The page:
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From: TSS ()
Subject: Re: Hospitals warn patients over 'stolen' body parts
Date: September 21, 2006 at 2:33 pm PST

In Reply to: Hospitals warn patients over 'stolen' body parts posted by TSS on September 21, 2006 at 9:23 am:

Sept. 21, 2006, 12:28PM
U.K. Probes Use of Stolen Body Parts


By MARIA CHENG AP Medical Writer
© 2006 The Associated Press

NEW YORK — A small number of British patients may have received bone transplants from disease-contaminated body parts, according to a U.K. medical agency.

The Medicines and Healthcare Products Regulatory Agency, which oversees the safety of medicines and medical devices, on Wednesday released a list of 25 hospitals in the U.K. where patients may have received tainted bone material.

"Affected tissue has been recalled, but up to 82 units of affected bone graft material may have been implanted into a small number of patients," said the agency in a statement.

Bone material is typically used as filler in orthopedic surgery, such as hip replacement operations or jaw surgery. Before being used in medical procedures, bones are subjected to chemical processing and sterilization procedures. The risk to patients is thought to be minimal, according to the agency.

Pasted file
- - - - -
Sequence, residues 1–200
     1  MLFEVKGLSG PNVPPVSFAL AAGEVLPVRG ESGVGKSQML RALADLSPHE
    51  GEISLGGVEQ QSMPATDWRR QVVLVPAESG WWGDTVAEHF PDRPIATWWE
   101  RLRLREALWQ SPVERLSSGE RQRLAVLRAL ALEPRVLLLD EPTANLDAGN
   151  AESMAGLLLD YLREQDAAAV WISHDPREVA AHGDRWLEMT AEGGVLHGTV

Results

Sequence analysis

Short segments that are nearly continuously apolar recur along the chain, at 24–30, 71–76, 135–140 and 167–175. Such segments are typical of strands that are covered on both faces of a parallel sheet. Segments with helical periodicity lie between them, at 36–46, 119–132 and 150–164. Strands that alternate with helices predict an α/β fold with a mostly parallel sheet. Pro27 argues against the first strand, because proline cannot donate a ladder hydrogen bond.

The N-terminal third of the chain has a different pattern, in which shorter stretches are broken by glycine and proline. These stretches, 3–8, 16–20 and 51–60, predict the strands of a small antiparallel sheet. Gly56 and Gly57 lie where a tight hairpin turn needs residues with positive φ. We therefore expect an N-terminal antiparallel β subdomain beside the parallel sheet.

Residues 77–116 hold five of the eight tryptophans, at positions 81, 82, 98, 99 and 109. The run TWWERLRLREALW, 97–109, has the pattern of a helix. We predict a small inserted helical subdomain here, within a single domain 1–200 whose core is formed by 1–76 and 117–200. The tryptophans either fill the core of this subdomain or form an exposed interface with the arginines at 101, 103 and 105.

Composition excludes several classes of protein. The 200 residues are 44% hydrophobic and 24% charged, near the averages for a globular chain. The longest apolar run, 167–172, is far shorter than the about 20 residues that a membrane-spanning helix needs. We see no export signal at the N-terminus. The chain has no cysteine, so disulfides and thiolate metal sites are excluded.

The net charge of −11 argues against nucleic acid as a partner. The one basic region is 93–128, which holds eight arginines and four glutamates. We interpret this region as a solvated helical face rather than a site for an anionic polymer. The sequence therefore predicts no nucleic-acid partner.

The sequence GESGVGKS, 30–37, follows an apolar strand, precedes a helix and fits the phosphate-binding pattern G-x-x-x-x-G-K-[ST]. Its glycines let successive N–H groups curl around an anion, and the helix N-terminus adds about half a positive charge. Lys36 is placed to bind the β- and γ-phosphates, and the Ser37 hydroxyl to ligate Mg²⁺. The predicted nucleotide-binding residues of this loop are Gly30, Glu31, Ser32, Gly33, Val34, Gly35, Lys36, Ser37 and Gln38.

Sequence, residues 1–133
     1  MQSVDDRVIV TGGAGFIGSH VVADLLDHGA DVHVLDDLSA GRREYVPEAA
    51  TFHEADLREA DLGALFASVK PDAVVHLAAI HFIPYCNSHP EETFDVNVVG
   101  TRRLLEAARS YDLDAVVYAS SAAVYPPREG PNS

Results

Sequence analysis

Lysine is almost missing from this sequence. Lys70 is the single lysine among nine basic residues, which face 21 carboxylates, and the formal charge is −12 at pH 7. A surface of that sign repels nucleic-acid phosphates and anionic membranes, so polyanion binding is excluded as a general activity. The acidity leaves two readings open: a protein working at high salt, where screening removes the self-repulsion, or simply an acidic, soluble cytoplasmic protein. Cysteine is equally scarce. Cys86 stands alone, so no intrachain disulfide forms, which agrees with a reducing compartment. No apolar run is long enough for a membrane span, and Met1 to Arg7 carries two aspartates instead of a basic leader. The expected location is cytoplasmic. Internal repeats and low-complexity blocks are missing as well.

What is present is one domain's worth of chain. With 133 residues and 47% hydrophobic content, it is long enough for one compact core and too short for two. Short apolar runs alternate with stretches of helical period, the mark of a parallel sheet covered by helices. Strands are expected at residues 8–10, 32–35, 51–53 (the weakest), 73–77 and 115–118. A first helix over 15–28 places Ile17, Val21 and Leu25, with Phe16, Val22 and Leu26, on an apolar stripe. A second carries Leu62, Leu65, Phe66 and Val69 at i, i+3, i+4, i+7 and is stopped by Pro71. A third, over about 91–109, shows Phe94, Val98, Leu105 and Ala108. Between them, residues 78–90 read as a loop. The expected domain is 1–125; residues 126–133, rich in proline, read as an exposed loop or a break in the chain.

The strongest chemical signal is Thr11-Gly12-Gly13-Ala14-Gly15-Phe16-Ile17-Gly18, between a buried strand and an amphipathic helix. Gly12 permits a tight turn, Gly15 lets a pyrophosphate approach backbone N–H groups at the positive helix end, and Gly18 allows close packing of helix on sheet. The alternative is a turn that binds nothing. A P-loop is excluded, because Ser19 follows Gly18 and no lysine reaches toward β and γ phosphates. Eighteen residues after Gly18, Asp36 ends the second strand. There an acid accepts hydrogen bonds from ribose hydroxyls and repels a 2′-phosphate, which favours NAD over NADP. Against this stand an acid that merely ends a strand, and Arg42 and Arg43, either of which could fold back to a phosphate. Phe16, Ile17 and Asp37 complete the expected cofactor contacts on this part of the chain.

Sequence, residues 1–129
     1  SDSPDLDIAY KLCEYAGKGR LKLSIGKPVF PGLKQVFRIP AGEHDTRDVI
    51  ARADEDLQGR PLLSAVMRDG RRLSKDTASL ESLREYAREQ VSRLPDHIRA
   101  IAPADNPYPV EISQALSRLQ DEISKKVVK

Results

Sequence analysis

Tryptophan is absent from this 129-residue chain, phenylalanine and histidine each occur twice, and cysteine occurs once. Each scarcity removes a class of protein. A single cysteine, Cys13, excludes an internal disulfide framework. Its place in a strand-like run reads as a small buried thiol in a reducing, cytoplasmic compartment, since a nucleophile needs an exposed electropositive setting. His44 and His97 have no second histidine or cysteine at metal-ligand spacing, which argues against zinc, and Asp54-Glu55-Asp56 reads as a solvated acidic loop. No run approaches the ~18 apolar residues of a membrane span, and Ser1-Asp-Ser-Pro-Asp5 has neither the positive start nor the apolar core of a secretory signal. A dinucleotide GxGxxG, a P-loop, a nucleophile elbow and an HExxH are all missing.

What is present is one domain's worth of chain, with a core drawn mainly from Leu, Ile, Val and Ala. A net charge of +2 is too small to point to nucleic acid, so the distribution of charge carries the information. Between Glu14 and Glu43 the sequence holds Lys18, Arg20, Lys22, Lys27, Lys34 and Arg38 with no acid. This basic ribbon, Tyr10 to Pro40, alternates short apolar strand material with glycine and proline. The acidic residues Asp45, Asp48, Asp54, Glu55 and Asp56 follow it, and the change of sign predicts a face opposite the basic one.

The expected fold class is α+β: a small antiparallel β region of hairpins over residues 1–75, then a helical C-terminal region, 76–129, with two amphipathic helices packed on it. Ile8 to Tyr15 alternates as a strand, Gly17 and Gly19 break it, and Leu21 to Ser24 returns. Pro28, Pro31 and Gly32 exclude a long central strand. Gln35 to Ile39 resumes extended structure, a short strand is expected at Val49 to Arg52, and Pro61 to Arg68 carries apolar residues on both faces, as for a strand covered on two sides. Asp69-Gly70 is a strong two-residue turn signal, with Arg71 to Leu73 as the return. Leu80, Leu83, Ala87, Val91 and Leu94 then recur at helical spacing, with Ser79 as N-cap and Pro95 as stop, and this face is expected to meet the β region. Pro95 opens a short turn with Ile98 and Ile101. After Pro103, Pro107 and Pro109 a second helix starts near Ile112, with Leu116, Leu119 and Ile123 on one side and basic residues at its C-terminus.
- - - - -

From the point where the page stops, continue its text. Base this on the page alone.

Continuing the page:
Hospitals were alerted of the possible breach of procedure last October, but the information was only released publicly on Wednesday in response to a Freedom of Information request filed by the British Broadcasting Corp.

It is the latest development in a case that dates back to 2004, when the body of veteran BBC broadcaster Alistair Cooke was one of more than a thousand allegedly stolen by a ring of dealers in the U.S., who falsified the origins before selling body parts for transplantation.

Last year, Biomedical Tissue Services, a U.S.-based tissue procurement company at the center of the scandal, was accused of failing to adequately document its human tissue donors. It was said to have used bodies obtained illegally, without consent, and with falsified documents.

The Royal National Orthopedic Hospital, one of the hospitals receiving questionable bone material, issued a statement saying that "it would not be appropriate to contact patients," because risk was negligible. "Any adverse reactions would in any case be picked up as part of the routine follow-up of patients," the statement said.

Some ethicists, however, said that as a matter of standard practice, patients have the right to be informed when they have been potentially exposed to risk. Certain organisms, including the prion that causes Creutzfeldt-Jakob Disease _ or Mad Cow Disease _ are extremely resistant to sterilization procedures and could be transmitted by tissue transplants.

There are no laws governing the import and export of human body parts into the U.K. Though such laws exist to prohibit the transport of organs between countries, there is no comparable regulation for body parts.

http://www.chron.com/disp/story.mpl/ap/fn/4204333.html

TSS




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